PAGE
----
Please welcome Guest Blogger Claire...
When I think of a successful marriage, one that can stand the test of time, trial, adversity, happiness and love, I think of my parents. They were married for just 51 short years before cancer took my father away, but those years were as close to perfect as any can get. They epitomized the verse which tells us that the "two shall become one."
Mom and Dad had a partnership in every sense of the word. She would never have made a large purchase without first talking it over with him and he'd have never made a life changing decision without first discussing it with her. They did everything together, always putting the other person and what they felt, wanted or needed first. I saw my parents argue on occasion but I never saw them fight. Dad had his own business so of course there were times of struggle and financial hardship but that was something they worked through together, just as they enjoyed their success and the good life together. They were a very traditional family, she stayed home and took care of the house and children and he provided for the family. Both were happy and content in their roles, and, while one would happily help the other, those roles were clearly defined. There was never any competition, I never heard my mother say she "wasn't her own person" or worried about "finding herself". My father and mother truly respected each other. One would never have denegrated the other or made light of their contribution to the home. Both felt that without the other they could never have survived and that, in turn, gave each one a sense of importance to the marriage.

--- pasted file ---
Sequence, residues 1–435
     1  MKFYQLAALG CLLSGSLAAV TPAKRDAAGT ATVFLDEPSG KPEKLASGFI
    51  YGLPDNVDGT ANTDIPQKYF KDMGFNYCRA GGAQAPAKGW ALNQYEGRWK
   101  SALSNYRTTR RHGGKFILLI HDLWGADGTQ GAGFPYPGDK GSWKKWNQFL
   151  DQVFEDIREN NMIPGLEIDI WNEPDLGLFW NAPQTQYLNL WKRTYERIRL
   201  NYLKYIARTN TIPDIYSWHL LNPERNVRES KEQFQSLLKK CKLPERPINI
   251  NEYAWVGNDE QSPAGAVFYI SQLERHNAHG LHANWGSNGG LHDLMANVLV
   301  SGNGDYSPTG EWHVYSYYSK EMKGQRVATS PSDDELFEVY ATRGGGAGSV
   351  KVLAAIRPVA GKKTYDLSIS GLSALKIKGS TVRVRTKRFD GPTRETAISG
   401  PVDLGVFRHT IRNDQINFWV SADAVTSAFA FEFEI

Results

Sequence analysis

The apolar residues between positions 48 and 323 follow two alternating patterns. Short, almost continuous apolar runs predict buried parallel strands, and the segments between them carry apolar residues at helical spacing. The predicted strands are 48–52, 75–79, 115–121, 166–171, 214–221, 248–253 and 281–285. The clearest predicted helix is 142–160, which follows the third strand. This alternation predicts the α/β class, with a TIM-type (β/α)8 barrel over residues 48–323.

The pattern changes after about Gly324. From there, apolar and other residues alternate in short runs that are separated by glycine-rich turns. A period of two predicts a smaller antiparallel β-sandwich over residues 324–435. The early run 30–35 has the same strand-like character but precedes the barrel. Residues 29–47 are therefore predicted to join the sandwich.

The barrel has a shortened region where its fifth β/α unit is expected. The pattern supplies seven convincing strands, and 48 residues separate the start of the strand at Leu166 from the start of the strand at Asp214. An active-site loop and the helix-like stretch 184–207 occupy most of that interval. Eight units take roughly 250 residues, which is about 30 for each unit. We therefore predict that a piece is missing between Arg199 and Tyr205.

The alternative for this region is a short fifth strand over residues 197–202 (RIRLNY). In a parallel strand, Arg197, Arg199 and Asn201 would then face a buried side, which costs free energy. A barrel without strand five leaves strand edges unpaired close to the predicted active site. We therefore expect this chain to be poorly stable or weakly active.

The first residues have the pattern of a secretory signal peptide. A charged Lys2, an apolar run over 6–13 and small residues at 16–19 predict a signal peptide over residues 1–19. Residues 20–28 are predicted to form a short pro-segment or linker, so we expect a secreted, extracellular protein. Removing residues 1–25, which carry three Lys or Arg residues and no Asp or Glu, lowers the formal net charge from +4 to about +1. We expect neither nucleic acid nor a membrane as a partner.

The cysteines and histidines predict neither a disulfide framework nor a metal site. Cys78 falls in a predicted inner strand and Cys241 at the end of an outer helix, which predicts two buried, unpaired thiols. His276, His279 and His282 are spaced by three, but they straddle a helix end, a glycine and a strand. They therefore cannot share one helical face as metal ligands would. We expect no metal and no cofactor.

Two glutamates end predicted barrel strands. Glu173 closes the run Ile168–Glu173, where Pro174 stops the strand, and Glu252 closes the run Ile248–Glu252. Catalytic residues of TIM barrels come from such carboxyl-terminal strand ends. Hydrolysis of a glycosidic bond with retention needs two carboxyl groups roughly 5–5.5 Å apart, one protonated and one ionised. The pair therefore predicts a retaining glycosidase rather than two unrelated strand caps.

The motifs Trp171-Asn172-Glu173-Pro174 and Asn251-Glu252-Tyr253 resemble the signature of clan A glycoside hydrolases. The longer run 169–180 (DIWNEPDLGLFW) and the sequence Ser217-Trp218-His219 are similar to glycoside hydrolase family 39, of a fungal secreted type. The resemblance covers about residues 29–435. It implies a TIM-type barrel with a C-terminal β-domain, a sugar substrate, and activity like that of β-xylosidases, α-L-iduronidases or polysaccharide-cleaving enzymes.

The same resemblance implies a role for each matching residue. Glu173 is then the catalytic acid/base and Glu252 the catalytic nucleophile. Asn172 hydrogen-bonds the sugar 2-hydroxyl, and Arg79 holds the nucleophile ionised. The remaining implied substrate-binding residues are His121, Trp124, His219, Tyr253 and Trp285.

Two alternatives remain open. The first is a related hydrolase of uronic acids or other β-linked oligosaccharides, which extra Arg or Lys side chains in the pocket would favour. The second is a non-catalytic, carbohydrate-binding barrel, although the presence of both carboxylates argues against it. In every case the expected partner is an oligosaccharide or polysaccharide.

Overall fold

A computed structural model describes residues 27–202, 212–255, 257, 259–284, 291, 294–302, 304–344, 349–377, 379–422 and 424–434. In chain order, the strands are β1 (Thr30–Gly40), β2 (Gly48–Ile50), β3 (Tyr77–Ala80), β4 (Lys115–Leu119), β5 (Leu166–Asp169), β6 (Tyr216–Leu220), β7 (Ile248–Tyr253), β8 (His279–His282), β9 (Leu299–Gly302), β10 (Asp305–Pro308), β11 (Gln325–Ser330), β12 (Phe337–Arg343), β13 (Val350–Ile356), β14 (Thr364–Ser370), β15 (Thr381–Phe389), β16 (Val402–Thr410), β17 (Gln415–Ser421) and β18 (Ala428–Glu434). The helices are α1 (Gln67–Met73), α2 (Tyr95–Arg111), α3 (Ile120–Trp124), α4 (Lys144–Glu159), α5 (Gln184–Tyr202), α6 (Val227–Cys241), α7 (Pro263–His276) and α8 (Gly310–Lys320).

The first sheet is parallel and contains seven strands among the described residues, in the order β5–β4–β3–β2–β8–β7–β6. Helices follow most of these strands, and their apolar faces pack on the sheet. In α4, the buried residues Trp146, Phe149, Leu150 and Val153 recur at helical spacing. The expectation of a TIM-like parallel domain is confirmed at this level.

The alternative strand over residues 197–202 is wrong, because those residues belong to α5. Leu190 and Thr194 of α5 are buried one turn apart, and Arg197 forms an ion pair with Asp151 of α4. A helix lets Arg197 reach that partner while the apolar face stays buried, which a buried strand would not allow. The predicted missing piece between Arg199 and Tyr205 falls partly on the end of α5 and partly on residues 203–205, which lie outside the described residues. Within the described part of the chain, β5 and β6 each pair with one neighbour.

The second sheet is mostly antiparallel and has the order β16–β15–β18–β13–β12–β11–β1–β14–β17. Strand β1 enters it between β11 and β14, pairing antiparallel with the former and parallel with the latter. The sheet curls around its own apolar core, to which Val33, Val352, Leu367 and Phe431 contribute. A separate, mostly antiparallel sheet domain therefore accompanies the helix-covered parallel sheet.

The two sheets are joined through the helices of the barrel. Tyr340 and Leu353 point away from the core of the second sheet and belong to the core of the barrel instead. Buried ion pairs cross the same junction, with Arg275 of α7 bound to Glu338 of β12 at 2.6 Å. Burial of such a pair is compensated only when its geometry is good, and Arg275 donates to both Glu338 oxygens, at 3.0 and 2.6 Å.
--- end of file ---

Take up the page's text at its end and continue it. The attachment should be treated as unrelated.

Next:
Faith played a very important part in our home. On Sunday, we children went to Sunday School and the entire family always went to church. Religion was an important part of our upbringing and was always part of any family decision.
The example they set for their four children was something that each of us has taken to heart and learned from. In all the years I was growing up, I never once feared that my family was in jeopardy and divorce was something I never even thought about.
Today many young people get married without any real committment or sense of lifetime. Many come from families of divorce and have lots of friends who are divorced so it's "easy" to use that avenue of escape rather than working at making it work. No one will tell you that being married is easy, but most who've been married for a long time will tell you that it is very worth the effort. Marriage is a sacrament and should be treated as such. When the storms come, and they will, a partnership which includes God, love, and a committment to one another will thrive and grow.